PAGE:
3.  High End Wetsuit .  Wetsuit models in this category generally have highly technical combinations of neoprene grades, thickeness, and other technologies.  These are designed to give the best combinations of flexibility, buoyancy target locations for swim form, and added textures for increased propulsion.  The wetsuits in this category aim to provide the advantages of the buoyancy and warmth with least amount of resistance to your swim strokes.  They are designed for speed and comfort.  Price range:  $500-$1200.  

Once you have determined your price point you are ready to shop for a wetsuit.  Triathlon LAB carries the top wetsuit brands including Orca, Blue Seventy, and Roka.  The best way to choose a wetsuit is to try on several different brands and compare fit.  If you cannot try it on, then you should use the manufacturer fit chart as a guideline.  However, these charts are not accurate for everyone as individuals all have different body proportions.  Triathlon LAB has a wetsuit fit guarantee for this reason.   Important points for determining if the wetsuit fits you properly are addressed but include the following:

1. No gap in crotch or underarms.
2. Comfortable in chest with no breathing restriction
3. Low resistance with simulated swim strokes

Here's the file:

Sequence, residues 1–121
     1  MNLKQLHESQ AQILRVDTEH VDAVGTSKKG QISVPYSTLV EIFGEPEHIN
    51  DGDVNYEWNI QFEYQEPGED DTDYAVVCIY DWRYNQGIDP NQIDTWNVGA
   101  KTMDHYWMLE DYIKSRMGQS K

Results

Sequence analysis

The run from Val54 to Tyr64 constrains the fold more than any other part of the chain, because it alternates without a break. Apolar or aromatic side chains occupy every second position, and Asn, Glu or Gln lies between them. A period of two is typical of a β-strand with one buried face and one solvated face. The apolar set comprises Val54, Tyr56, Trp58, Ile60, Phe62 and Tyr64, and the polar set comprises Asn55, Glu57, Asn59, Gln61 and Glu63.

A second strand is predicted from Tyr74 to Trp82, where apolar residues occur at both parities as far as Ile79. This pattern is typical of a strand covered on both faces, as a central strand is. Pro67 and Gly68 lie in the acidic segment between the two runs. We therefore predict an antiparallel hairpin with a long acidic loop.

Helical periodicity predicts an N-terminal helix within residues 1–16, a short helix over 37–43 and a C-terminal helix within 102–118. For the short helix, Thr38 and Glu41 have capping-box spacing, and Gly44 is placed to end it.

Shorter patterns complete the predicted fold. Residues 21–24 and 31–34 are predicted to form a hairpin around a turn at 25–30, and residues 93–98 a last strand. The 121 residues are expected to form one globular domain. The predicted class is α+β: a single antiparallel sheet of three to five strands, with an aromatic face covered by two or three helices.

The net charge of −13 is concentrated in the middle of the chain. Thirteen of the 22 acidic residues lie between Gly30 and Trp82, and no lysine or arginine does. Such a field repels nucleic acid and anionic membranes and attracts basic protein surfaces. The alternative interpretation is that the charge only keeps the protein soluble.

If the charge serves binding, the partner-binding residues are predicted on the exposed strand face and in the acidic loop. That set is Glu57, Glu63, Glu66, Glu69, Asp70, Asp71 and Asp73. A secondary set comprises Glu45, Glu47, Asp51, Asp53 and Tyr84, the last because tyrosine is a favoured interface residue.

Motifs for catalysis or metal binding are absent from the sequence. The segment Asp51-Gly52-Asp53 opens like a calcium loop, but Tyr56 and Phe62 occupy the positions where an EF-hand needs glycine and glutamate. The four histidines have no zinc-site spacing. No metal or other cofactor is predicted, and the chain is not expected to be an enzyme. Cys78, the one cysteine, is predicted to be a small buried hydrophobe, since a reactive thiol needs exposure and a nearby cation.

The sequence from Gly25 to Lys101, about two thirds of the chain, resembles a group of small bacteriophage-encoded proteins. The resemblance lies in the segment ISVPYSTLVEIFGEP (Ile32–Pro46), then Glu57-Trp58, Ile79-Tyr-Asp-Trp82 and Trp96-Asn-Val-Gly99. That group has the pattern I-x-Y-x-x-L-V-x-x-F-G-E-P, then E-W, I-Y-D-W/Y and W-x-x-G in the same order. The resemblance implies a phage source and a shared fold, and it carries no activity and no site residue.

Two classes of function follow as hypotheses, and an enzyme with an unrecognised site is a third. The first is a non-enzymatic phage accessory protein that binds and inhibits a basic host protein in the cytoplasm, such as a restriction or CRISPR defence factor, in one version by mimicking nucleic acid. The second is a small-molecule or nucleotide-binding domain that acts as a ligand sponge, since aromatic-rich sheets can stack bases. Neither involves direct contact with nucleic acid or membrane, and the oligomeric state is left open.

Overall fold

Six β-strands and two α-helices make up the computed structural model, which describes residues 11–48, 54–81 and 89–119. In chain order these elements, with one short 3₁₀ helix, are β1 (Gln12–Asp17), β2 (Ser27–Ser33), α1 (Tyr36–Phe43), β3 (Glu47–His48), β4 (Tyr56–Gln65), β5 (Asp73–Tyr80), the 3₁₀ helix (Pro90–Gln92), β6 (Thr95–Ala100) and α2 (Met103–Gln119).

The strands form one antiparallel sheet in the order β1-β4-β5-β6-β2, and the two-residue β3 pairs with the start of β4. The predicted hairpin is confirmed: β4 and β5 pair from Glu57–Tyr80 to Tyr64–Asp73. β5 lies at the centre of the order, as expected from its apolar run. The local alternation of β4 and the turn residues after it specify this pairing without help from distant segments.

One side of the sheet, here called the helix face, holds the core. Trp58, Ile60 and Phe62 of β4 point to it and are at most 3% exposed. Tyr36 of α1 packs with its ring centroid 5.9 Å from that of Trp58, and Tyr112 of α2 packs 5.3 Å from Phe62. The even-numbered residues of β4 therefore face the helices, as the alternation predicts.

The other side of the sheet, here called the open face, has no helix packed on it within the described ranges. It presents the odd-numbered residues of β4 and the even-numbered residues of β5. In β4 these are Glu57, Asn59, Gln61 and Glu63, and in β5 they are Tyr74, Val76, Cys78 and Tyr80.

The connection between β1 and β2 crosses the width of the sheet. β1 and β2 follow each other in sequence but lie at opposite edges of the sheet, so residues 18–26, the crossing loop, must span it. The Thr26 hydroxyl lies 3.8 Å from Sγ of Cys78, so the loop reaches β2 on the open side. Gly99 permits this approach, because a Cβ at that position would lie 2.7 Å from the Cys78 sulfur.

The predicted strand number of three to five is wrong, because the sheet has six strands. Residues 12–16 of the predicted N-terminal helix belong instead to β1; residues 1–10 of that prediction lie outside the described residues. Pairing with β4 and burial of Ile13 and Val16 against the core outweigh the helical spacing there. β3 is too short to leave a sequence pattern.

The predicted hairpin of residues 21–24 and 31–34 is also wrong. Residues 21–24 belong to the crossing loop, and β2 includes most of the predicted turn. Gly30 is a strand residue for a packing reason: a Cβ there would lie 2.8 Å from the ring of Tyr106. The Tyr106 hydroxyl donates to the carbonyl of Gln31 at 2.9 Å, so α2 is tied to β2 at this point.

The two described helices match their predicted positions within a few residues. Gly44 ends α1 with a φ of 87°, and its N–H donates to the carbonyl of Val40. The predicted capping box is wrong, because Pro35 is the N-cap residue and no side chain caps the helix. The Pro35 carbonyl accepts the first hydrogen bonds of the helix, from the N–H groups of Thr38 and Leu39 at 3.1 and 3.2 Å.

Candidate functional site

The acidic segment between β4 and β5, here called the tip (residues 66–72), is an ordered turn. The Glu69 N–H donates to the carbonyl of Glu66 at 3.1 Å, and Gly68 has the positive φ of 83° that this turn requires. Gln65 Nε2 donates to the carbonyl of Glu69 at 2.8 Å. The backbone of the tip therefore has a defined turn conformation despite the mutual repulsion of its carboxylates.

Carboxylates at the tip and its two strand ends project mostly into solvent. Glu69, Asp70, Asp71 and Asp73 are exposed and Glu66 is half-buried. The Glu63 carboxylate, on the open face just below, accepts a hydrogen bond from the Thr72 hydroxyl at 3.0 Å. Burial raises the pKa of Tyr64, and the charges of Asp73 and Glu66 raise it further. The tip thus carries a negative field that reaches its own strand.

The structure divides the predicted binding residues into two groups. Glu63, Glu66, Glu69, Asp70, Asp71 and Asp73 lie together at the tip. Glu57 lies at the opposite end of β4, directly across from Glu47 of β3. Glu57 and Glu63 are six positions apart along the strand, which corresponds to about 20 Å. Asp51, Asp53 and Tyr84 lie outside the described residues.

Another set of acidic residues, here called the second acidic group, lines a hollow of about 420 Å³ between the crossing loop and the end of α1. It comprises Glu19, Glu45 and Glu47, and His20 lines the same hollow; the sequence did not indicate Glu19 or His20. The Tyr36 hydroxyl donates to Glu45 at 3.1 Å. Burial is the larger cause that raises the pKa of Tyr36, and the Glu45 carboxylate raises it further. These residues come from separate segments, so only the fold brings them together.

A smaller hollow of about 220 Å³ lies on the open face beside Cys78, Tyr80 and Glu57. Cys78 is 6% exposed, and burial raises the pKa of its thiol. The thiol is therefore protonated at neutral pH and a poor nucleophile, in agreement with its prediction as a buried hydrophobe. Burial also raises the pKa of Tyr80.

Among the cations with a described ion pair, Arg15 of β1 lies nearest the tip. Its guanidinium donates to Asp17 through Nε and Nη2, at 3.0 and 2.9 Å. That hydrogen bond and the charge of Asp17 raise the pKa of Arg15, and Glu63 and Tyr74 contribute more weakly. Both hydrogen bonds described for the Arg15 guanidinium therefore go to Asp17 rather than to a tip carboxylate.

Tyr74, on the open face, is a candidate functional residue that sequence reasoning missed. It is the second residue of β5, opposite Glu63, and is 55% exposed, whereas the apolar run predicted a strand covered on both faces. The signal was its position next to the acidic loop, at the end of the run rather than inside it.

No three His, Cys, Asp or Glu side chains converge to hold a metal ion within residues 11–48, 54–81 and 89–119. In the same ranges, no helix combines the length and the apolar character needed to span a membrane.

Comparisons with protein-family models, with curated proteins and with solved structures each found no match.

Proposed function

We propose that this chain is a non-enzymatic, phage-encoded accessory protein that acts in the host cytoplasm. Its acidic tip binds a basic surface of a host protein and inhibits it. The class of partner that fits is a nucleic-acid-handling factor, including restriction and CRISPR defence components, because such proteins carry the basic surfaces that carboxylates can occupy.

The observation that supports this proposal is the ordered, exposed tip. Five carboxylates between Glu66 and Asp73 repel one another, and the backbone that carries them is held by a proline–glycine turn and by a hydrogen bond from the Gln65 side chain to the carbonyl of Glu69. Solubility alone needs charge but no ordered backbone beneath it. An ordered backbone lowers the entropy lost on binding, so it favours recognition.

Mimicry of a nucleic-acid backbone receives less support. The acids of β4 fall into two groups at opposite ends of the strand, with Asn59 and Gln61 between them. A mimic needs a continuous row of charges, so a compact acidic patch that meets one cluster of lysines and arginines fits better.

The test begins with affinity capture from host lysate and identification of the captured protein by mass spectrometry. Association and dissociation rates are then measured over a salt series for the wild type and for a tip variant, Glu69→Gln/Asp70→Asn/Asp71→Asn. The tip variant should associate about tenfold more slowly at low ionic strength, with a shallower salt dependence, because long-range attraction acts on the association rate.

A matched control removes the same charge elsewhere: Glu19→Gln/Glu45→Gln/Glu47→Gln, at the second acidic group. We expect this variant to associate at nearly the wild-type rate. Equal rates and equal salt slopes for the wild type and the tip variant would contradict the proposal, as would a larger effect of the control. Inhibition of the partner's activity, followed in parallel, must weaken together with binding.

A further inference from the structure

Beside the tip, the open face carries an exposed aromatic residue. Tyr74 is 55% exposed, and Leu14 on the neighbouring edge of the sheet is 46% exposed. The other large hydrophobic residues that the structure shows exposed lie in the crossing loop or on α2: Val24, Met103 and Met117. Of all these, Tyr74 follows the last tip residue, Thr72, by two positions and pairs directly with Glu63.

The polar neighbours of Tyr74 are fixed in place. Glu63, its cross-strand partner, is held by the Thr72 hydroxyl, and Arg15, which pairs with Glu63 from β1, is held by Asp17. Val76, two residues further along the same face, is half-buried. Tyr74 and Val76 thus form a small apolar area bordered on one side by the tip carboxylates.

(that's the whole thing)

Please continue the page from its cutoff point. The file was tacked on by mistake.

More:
4. Comfortable around shoulders and neck. (Not a pulling down feeling…indicates wetsuit is too short in torso)

Please watch this video for a visual tutorial:

The wetsuit should be a tight as possible while remaining comfortable and with little restriction.  This is because the wetsuit will loosen in the water.  If the wetsuit is loose, it will fill up with water while you are swimming and slow you down.  A common mistake for first time triathletes is to purchase a wetsuit that is too big because it feels the most comfortable out of the water.  

For a visual explanation, please watch our video: 

Sleeved vs Sleeveless Wetsuit

This is generally a personal preference.  Most people who prefer sleeveless wetsuits like to have their arms completely free.  It seems that a lot of customers that come from a swimming background prefer sleeveless wetsuits.  

Sleeved wetsuits have a bit more buoyancy than sleeveless wetsuits, and additional warmth.  Most triathletes opt for the sleeved wetsuits.  

Triathlon LAB is dedicated to getting our customers into the right wetsuit.  If you would like assistance in choosing your wetsuit, please let us know.   Rest assured, with our 15 day fit guarantee, we will exchange your wetsuit purchased from us if it does not fit properly.  (Product price difference will apply to the exchange.)

Mlore question about wetsuits?  Please see our Wetsuit FAQ for more information.